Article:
Chiropractic—a Golfer’s Boon
Sep 30, 2015 07:47AM
● By Lee Walker
Dr. Vivian Ebert
According to the latest study by the National Golf Foundation, there are an estimated 28.6 million golfers in the U.S. above the age of 6. According to The Southwest Visitor’s Guide, our area’s nearly 150 courses, and many more in the planning stages, easily qualify the region as the golf capital of the world, with more golf holes per capita than anywhere else in the U.S.
“The opportunity to be outside and participate in a highly social sport that is sometimes the basis for forming lasting friendships draws many individuals who are physically unprepared to play the game, particularly regarding one of the most important physical aspects—a player’s swing. Known as one of the most demanding and complex movements in all sports, an efficient swing requires a highly coordinated mobilization and stabilizing of several different body parts. If not trained correctly, golfers can be at a serious risk of injury,” says Vivian Ebert, DC, owner of Living Well Chiropractic, in Naples.
Structurally, the body demands mobility in the golf swing. The joints in the spine act much like hinges on a door. If one hinge is not working properly, the other hinges take on more work. Over time, the other hinges wear out prematurely simply because the first impaired hinge was not restored to its proper working function. The spine is similar. If the mid-back is not moving as it should, the low back and neck have to work harder to pick up the slack. Although this may initially mean some errant shots, it inevitably leads lead to pain and premature degeneration (arthritis) of the spine in overworked areas. Adjusting the mid-back before a more serious problem develops can mean avoiding irreparable damage to the spine.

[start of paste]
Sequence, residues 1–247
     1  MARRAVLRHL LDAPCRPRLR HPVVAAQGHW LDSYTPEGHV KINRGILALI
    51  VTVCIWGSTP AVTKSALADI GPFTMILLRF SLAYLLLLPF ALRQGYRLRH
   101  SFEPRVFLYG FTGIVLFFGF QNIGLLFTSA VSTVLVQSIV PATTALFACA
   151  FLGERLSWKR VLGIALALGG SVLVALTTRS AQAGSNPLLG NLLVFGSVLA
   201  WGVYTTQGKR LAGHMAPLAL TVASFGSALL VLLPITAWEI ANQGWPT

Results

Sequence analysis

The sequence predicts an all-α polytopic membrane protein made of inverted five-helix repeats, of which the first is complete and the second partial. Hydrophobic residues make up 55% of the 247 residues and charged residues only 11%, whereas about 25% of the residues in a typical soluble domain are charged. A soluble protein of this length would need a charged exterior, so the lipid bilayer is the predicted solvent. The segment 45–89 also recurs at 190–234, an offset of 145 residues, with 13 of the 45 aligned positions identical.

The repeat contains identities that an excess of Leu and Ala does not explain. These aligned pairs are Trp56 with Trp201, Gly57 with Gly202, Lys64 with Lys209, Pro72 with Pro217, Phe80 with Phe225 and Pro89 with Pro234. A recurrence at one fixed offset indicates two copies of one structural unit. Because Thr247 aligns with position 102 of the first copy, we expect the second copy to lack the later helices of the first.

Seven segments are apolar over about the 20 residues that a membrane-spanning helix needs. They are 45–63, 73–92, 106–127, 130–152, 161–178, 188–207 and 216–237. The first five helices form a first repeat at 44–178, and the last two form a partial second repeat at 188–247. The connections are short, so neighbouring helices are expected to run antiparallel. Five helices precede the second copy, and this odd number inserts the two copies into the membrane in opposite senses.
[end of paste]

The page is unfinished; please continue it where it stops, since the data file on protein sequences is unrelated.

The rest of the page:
Golf fitness, taught by professionals at the Titleist Golf Performance Institute, in Oceanside, California, where high-profile tour pros learn to sync their golf swings with their own particular physical limitations, is essential. Although it’s not necessary to look like a bodybuilder, a player will find far more enjoyment when he or she is fit to play the game at the highest level and do so without causing injury.
The type of fitness required to play golf is more about understanding how a body’s limitations can influence the golf swing and how to address those limitations through any of the proper channels—swing instruction, physical rehabilitation or strength and conditioning exercise. It’s also about understanding the latest technology and how it can be implemented to increase performance.
Functionally, golfers demand the utmost precision, as well as a sense of being connected to their whole body during their game. Chiropractors are a boon to players in all sports, but most particularly golf, because their work on the spine impacts the nervous system with adjustments of the spinal joints. “It is not uncommon for players to report that after an adjustment they played a better game of golf. The nervous system is in control of all the body’s functions and movements. Keeping it in top shape through adjustments should be high on every golfer’s priority list,” advises Ebert, who attended the Titleist Golf Performance Institute.
Living Well Chiropractic is located at 10020 Coconut Rd., Ste. 134, in Bonita Springs. 239-498-2225. LivingWellFL.Com.